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WHO holds two-day emergency meeting on Ebola

WHO says the number of people with Ebola is set to hit 10,000 in West Africa.

FILE: A Sierra Leone Red Cross burial team at Jobo Farm in Waterloo outside Freetown disinfects after recovering the bodies of those believed to have died of Ebola. Picture: EPA.

JOHANNESBURG - The World Health Organisation (WHO) says the number of people with Ebola is set to hit 10,000 in West Africa.

The UN's public health arm puts the death toll at 4,877 people.

The International Red Cross says it has to retrieve 120 bodies in Sierra Leone. Researchers around the world are scrambling to beat the tropical fever for which there is currently no licensed treatment or vaccine.

The WHO is holding two days of Ebola emergency talks in Geneva. The organisation, now largely responsible for coordinating the development of a treatment and vaccine for Ebola, said on Tuesday that a serum based on antibodies in survivors' blood might be ready as early as December.

"The partnership that is moving the quickest will be in Liberia where we hope that in the coming weeks there will be facilities set up to collect the blood, treat the blood and be able to process it for use," WHO assistant director general Marie Paule Kieny told a news conference in Geneva.

The vaccine was developed at the Public Health Agency of Canada's National Microbiology Laboratory and licensed to NewLink Genetics Corp through its wholly owned subsidiary BioProtection Systems, both based in Ames, Iowa, the NIH said.

Testing on a first potential vaccine began last month, and initial results were expected by year's end.

NBC freelance cameraman Ashoka Mukpo, an American who contracted Ebola while working in West Africa, is free of the virus and was discharged on Wednesday from a special unit at Nebraska Medical Center in Omaha, the hospital said.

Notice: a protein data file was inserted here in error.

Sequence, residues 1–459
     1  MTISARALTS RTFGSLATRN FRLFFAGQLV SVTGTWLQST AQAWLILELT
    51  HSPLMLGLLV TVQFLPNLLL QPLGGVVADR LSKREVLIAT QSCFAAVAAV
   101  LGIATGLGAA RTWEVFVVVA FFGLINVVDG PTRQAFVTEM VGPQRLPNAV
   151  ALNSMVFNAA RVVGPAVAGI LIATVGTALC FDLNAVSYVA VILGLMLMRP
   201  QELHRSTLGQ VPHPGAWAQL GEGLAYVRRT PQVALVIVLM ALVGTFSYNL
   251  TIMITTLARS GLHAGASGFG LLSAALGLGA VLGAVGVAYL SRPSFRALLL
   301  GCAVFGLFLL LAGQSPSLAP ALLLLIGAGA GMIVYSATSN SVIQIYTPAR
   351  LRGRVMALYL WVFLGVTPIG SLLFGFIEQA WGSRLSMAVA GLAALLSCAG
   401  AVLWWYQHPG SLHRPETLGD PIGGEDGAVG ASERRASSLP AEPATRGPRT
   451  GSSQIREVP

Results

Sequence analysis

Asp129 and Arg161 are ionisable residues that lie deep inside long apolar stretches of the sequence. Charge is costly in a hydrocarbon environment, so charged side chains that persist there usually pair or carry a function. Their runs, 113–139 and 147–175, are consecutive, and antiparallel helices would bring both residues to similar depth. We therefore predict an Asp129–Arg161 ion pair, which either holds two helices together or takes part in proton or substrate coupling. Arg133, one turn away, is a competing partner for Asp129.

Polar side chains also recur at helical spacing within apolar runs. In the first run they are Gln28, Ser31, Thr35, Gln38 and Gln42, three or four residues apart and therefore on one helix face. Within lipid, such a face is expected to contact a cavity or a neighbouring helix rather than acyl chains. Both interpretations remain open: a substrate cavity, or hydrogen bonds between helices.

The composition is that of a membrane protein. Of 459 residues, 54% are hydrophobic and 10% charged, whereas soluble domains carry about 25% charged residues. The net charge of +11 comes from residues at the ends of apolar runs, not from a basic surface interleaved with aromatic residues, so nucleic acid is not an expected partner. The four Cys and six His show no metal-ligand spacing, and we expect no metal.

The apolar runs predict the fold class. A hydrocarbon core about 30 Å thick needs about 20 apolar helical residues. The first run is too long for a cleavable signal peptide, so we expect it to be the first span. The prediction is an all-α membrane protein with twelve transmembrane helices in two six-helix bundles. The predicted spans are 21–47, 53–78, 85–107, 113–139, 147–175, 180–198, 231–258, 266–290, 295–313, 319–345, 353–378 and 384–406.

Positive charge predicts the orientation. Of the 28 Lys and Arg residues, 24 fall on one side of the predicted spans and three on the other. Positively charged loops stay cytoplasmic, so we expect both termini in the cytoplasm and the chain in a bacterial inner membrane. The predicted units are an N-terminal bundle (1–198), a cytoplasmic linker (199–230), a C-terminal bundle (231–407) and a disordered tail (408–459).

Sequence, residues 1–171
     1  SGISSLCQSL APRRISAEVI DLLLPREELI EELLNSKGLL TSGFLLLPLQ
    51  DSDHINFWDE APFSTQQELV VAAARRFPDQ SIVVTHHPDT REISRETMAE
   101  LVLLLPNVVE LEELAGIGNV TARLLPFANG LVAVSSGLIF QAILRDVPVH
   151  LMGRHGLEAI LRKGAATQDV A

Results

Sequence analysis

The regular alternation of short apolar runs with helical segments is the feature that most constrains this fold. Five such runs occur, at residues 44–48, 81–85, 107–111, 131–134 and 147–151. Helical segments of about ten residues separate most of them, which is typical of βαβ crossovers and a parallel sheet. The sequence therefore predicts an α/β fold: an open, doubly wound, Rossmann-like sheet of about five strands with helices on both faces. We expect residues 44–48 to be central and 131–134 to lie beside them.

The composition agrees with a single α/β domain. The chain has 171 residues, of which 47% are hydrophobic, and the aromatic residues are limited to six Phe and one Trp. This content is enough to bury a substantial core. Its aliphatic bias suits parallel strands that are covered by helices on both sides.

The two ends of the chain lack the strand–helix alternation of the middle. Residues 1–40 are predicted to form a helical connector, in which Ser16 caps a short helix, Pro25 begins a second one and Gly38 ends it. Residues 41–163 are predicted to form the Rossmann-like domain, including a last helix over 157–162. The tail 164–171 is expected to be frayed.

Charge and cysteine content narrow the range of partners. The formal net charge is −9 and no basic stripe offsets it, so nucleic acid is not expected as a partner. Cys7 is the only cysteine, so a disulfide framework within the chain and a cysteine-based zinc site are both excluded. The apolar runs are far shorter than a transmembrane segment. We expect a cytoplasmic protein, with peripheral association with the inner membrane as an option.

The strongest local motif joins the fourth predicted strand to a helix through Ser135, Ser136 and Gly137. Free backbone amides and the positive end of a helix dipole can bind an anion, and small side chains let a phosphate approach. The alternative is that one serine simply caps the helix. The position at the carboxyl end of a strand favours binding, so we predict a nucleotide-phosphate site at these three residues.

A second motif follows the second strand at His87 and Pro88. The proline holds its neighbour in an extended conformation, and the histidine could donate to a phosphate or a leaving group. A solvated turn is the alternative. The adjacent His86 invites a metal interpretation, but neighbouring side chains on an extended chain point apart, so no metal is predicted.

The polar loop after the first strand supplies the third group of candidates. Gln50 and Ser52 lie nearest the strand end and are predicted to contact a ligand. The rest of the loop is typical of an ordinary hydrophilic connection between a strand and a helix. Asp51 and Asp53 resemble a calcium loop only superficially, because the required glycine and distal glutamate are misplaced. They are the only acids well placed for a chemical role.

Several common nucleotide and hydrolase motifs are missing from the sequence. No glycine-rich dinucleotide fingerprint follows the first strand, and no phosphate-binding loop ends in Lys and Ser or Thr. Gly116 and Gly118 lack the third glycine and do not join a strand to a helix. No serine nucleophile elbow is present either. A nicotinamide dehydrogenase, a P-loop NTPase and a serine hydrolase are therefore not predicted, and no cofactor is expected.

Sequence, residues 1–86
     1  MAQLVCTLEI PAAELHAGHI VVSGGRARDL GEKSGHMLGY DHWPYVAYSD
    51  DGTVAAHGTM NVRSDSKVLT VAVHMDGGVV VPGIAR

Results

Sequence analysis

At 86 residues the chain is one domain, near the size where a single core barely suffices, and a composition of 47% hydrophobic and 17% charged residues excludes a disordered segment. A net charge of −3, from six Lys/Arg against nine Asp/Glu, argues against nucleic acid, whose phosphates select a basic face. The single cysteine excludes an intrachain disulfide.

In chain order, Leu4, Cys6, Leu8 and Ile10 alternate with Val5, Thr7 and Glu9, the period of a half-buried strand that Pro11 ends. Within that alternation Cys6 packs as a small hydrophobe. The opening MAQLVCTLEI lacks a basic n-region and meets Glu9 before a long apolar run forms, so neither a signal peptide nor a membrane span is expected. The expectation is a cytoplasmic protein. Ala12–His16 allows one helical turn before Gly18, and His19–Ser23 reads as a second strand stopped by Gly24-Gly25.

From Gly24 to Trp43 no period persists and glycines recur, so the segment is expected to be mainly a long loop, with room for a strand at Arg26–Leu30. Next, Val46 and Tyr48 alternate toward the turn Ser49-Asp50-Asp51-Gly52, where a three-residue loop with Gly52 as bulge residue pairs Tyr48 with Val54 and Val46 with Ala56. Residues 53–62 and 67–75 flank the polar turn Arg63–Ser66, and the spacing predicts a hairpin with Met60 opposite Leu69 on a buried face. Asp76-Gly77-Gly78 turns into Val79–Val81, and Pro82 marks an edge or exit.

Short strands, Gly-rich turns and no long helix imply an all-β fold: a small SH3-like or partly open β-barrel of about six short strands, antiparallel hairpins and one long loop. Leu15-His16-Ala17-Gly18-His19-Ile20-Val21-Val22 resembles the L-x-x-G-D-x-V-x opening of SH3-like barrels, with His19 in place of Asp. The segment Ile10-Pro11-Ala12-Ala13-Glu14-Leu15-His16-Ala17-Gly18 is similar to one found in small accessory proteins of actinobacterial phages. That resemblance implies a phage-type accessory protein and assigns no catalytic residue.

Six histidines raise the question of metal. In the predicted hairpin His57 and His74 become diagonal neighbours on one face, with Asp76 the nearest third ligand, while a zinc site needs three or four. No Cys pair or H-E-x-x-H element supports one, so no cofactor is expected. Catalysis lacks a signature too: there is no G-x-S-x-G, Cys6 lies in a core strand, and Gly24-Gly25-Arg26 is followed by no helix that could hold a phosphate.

"I feel profoundly blessed to be alive, and in the same breath aware of the global inequalities that allowed me to be flown to an American hospital when so many Liberians die alone with minimal care," Mukpo said in a statement.

At the same time, Ebola survivors in Liberia are quickly becoming an important part of the fight against the deadly virus that has killed more than 4,500 people in West Africa since being detected in the region in March.

Once rejected by their communities, survivors are now being seen as part of the solution as scientists try to find a way to use the antibodies in their blood to help treat victims.

Sheldon Yett, Country Director for the United Nations Children's Fund (UNICEF) in Liberia, said survivors were still stigmatised, but people were starting to see them as a real sign of hope and help.

In the capital Monrovia, Ebola survivors are helping in Liberia's first state-run interim care centre for Ebola orphans. There are some 3,700 Ebola orphans in the region today, according to UNICEF.

"Ebola plays on the most basic of human emotions; children just want a hug, but fear has meant that even loved ones have kept them at arms' length. Ebola survivors can provide that support, knowing that they have a natural immunity to the virus," Yett told the Thomson Reuters Foundation by telephone from Monrovia.

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